Friday, December 17, 2021

Why Two Words for "Love" in John 21:15-17?

I'm on campus today reading through John again in the Vulgate. I love studying the different "styles" of the New Testament authors, don't you? I define style as the tendency of a writer or speaker to consistently choose certain structures over others available in the language. Of course, such choice is not always conscious. Style can be intuitive or conscious. In John 21:15-17, the Vulgate obviously felt it was important to translate the Greek verbs agapao and phileo differently, even though John's style would almost require us to see these two verbs as practically synonymous. Note below how both amare and diligere are used. 

This issue has been discussed for centuries. Some acknowledge a duality here, saying that, for John, a variety of surface forms is possible. Hence the two verbs are synonymous even though they have different forms. The opposing position is that every difference in form brings with it a difference in meaning, and that true synonymy is therefore impossible.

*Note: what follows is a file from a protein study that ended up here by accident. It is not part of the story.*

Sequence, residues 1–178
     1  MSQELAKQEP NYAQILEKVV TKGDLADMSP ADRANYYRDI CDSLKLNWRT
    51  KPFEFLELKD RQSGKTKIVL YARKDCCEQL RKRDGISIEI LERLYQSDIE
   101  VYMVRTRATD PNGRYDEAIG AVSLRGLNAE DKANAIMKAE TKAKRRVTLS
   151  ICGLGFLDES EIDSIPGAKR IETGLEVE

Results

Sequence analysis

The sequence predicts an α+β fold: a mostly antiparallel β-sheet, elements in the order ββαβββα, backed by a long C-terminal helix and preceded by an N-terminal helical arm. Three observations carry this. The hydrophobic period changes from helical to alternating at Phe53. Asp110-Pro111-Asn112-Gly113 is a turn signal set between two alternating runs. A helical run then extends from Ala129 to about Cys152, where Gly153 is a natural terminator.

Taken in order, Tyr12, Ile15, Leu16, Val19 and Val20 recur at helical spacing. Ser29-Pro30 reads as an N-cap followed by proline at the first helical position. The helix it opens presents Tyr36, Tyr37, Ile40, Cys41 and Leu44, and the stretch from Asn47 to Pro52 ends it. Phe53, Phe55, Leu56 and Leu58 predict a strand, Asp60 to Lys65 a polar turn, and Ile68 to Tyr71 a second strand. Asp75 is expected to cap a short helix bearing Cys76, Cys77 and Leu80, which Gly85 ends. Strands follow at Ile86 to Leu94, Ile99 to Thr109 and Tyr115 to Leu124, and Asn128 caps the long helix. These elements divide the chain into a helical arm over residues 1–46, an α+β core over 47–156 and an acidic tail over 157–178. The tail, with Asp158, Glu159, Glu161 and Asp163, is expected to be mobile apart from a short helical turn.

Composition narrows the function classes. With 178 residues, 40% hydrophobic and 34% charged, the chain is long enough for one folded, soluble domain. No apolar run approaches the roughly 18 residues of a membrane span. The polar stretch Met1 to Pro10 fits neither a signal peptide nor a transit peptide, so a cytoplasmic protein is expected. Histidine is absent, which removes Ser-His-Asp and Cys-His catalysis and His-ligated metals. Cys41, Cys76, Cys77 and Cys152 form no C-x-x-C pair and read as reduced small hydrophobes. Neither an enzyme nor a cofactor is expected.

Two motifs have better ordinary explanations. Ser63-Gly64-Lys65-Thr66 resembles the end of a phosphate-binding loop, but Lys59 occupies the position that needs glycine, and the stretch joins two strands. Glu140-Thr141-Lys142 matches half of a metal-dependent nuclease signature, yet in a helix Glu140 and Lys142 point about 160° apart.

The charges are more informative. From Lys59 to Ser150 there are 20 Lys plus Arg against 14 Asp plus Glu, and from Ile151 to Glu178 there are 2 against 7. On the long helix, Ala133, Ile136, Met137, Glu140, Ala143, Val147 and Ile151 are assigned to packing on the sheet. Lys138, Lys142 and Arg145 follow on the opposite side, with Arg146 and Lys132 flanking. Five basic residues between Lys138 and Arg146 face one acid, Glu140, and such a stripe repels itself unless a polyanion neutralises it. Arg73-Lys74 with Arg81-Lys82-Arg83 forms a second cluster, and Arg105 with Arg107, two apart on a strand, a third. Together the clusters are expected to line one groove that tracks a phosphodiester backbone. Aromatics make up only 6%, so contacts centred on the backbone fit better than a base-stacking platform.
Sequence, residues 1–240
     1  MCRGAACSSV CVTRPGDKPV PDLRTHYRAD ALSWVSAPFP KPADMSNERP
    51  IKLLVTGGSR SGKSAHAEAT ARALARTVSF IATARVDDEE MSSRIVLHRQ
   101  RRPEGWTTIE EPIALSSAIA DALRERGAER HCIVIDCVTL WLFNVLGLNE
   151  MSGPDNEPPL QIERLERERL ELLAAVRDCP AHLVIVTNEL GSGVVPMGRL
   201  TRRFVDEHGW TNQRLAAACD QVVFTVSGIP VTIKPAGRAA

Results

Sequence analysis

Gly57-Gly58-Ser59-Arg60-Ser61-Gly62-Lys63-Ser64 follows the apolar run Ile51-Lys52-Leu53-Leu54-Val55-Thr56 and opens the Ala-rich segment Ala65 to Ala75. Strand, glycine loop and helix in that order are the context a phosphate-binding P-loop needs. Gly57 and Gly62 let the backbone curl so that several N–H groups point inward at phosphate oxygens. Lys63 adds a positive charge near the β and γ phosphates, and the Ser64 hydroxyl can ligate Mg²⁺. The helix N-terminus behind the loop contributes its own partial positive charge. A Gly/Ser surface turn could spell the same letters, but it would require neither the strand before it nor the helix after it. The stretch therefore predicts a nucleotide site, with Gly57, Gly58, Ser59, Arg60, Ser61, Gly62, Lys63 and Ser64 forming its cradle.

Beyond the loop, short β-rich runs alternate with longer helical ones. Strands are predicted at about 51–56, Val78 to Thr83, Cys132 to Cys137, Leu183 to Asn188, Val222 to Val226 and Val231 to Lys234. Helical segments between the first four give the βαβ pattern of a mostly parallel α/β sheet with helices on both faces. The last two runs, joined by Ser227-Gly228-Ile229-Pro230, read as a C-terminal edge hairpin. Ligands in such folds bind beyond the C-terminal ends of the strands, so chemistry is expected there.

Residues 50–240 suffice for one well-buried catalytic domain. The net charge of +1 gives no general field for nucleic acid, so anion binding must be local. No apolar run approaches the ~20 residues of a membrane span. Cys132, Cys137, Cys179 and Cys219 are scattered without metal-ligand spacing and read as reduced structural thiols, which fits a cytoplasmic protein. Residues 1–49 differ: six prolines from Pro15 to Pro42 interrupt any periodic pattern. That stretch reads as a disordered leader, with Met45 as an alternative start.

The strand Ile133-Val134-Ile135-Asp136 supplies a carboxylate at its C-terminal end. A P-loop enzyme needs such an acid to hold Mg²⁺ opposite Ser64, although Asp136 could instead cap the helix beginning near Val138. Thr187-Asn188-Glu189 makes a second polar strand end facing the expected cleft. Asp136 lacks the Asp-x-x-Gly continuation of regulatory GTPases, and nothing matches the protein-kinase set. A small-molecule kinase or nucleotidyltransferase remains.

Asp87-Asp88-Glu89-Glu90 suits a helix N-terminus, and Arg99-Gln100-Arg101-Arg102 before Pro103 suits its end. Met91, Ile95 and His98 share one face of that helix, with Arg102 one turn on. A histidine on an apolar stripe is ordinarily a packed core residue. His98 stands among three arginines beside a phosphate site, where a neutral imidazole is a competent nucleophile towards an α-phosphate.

I don't propose to resolve this issue here. I would simply say this: The more you understand the linguistic system of Koine Greek, the more you appreciate the infinity and variety of possible choices and even combinations of choices available (not only are there two Greek words for "love" in this passage but two words for "know," two words for "sheep," and two words for "feed"). 

Is there a specialized vocabulary for John? There may very well be. Does John enjoy using synonymous words synonymously? Apparently so. The question is how consistently he does this. Only a good feel for John's style can help us here -- hence the need to read as much of John in Greek as possible.